From the cockpit of the 29-foot Strike Zone, Capt. Steve Quinlan and deck boss Joshua Hendricks scan the 4-mile-long chum slick. They see the nervous fluttering of sea birds. Soon the mackerel in the slick — and the sea lions feeding on them — beat a hasty retreat. A mako has crashed the party.
“I’m bit,” snaps Hendricks. With that, Quinlan starts the outboards and throttles ahead as Hendricks throws the reel in gear. Immediately, a 700-pound mako explodes 10 feet skyward — uncorking a cartwheeling vault — crashes back down, then smokes away on a 200-yard sprint. Team Strike Zone settles in for a long battle.
If you’re up for the challenge, Southern California offers consistent action for monster mako sharks, one of the world’s largest and most dangerous game fish.
Few exceed Quinlan’s experience with these impressive predators. Before adopting a catch-and-release policy, Quinlan weighed in more than a dozen makos over 500 pounds, including four over 700 pounds and three in excess of 1,000, topped by a 1,175-pounder. Since then, his team has released five fish over 1,000 pounds, including one estimated at more than 1,400 pounds.
Research indicates mako sharks detect bottom features even when they can’t see them. In a California study, a tagged mako on the surface followed the contours of a canyon hundreds of feet below. “Structure creates upwellings of nutrient-rich water that attracts plankton,” says Quinlan. This attracts prey fish, and at the top of food chain is the mako.
Water conditions also play a role, says Quinlan. He looks for blue water — purple-blue water is best — with temperatures from 65 to 71 degrees. He studies temperature and chlorophyll charts looking for high spots where the right temperature and low chlorophyll content, an indication of blue water, coincide.
Quinlan also looks for the best wind and current. “You want the current opposing the wind,” he explains. “The wind keeps the boat moving in one direction while the current carries the chum in the opposite direction. This extends the chum slick and increases the chances of a mako finding the scent.”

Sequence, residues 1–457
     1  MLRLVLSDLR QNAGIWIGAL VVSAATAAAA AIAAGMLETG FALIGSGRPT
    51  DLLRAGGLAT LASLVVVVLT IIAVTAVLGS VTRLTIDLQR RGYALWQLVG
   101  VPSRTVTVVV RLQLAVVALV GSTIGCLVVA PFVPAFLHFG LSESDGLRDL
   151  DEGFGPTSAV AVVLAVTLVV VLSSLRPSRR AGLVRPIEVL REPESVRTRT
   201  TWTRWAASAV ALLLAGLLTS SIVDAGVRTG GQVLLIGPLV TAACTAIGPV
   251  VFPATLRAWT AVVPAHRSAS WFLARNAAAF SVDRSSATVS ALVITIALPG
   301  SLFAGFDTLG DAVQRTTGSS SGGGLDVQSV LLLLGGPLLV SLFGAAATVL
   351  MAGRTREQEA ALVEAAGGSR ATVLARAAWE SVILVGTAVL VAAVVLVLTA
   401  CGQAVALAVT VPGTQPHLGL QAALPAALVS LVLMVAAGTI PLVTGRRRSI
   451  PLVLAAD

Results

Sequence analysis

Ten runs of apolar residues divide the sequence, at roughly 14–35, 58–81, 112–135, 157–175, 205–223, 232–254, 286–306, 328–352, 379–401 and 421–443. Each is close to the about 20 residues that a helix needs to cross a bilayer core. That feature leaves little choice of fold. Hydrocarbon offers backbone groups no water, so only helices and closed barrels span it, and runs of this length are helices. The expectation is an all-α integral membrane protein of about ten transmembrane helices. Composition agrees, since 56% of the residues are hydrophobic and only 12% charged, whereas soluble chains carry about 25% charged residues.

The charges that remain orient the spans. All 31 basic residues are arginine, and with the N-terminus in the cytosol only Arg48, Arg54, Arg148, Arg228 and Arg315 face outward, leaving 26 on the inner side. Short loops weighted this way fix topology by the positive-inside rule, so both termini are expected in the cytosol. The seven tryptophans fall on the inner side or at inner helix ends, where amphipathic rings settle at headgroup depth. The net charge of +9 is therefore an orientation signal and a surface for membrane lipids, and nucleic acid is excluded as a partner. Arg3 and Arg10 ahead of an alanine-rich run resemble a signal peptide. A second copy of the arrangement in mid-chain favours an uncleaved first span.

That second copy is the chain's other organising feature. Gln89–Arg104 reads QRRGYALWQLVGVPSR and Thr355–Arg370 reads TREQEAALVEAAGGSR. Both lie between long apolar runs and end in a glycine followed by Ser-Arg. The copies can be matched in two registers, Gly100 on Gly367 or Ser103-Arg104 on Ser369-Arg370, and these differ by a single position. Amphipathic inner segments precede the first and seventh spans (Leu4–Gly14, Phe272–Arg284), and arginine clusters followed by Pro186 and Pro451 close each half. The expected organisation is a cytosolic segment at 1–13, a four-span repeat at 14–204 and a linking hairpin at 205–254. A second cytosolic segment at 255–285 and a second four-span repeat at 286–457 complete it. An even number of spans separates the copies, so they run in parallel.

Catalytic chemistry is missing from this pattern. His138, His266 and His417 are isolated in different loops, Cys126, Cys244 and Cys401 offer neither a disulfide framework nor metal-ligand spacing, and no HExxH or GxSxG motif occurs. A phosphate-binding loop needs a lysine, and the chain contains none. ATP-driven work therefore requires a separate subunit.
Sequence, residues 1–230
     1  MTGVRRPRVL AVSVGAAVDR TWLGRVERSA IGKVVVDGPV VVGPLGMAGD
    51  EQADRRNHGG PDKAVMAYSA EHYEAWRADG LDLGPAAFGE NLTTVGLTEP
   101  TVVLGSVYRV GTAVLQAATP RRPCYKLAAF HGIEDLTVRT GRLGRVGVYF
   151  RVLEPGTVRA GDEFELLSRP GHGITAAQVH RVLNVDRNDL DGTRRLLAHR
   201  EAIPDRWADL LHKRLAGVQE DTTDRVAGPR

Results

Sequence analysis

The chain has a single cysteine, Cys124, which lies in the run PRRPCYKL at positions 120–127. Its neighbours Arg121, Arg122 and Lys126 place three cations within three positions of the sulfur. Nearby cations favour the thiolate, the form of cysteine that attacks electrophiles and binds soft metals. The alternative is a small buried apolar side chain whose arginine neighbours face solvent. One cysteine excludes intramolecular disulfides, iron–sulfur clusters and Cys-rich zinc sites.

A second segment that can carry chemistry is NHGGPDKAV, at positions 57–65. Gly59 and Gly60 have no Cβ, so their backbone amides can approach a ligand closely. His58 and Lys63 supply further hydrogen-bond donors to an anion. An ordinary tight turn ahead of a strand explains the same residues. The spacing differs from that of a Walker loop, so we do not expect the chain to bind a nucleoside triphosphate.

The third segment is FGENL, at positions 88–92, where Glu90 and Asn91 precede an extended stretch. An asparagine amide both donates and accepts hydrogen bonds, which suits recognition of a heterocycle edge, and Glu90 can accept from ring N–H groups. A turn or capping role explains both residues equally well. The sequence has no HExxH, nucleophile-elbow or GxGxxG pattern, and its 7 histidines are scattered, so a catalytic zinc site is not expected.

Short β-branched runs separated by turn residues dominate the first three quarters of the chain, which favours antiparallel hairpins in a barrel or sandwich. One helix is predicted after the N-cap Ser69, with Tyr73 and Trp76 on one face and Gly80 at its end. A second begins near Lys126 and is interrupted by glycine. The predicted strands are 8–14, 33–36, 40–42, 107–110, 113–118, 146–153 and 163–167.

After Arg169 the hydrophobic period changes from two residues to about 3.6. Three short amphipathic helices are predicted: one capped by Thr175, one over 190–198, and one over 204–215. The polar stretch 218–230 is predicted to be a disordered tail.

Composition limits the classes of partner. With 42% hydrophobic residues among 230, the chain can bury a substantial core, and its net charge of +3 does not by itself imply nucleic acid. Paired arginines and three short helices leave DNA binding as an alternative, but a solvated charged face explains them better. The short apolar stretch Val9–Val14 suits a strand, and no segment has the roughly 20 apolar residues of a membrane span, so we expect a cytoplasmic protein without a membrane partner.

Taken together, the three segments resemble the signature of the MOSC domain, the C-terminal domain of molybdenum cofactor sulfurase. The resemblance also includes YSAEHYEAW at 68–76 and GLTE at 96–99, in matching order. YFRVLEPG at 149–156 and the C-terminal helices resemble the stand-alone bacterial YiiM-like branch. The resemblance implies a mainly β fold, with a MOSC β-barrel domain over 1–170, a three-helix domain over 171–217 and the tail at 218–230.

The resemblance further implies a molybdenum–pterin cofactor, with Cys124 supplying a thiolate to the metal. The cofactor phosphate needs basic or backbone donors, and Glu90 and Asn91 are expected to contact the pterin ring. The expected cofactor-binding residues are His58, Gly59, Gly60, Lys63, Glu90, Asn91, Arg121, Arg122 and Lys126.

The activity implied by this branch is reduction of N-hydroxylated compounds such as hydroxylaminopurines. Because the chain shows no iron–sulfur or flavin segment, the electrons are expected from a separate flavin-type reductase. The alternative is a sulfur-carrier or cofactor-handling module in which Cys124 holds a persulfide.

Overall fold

Chumming has proven to be the most effective method of attracting world-class makos. “Fresh fish is the best,” Quinlan says. “I buy in bulk and grind it myself. It takes a day to produce enough chum for a one-day charter.” Fillets and belly meat of tuna are best, but Quinlan also uses bonito and Pacific barracuda to create shoebox-size frozen blocks. He carries 200 to 300 pounds for each trip, as well as dozens of fish carcasses.
Quinlan uses two 5-gallon Slick Master chum buckets (one on each stern quarter) for dispersing the blocks and a gunnysack or two for hanging carcasses over the side. Every 10 minutes, he pulls the gunnysack onto the swim step and stomps on it to release as much scent as possible.
To get a head start on the chumming process, Quinlan uses a technique he calls “power chumming,” which is particularly helpful when there is no wind.
“We put out the chum buckets and then motor at 3 or 4 knots toward and across the structure we want to fish,” he explains. “We do this for about 2 miles, and then we shut down and drift.”
Ideally, Quinlan likes to begin the chum slick about a mile or two upwind of the target area and power chum downwind, so he begins the drift slightly downwind of the structure. “We’ve caught fish on and around the high spot, but mostly to the inside (downwind) because our slick has covered more territory by then,” he says.